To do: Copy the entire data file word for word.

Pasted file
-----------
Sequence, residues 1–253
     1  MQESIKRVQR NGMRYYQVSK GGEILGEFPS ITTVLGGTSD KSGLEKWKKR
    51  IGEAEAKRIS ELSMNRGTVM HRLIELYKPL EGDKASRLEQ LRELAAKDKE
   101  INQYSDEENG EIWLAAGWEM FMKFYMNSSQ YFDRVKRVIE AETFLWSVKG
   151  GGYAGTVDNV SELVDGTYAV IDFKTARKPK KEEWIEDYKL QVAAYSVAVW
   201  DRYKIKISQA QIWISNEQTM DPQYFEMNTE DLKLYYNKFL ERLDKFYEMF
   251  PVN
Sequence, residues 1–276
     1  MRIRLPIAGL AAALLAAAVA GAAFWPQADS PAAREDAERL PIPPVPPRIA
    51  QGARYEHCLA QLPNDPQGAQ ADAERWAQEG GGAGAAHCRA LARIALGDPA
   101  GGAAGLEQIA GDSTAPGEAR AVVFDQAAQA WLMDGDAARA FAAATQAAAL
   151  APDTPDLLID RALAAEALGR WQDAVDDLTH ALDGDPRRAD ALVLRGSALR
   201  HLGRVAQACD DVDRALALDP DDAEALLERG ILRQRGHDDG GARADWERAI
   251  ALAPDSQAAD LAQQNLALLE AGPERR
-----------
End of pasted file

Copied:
Sequence, residues 1–253
     1  MQESIKRVQR NGMRYYQVSK GGEILGEFPS ITTVLGGTSD KSGLEKWKKR
    51  IGEAEAKRIS ELSMNRGTVM HRLIELYKPL EGDKASRLEQ LRELAAKDKE
   101  INQYSDEENG EIWLAAGWEM FMKFYMNSSQ YFDRVKRVIE AETFLWSVKG
   151  GGYAGTVDNV SELVDGTYAV IDFKTARKPK KEEWIEDYKL QVAAYSVAVW
   201  DRYKIKISQA QIWISNEQTM DPQYFEMNTE DLKLYYNKFL ERLDKFYEMF
   251  PVN
Sequence, residues 1–276
     1  MRIRLPIAGL AAALLAAAVA GAAFWPQADS PAAREDAERL PIPPVPPRIA
    51  QGARYEHCLA QLPNDPQGAQ ADAERWAQEG GGAGAAHCRA LARIALGDPA
   101  GGAAGLEQIA GDSTAPGEAR AVVFDQAAQA WLMDGDAARA FAAATQAAAL
   151  APDTPDLLID RALAAEALGR WQDAVDDLTH ALDGDPRRAD ALVLRGSALR
   201  HLGRVAQACD DVDRALALDP DDAEALLERG ILRQRGHDDG GARADWERAI
   251  ALAPDSQAAD LAQQNLALLE AGPERR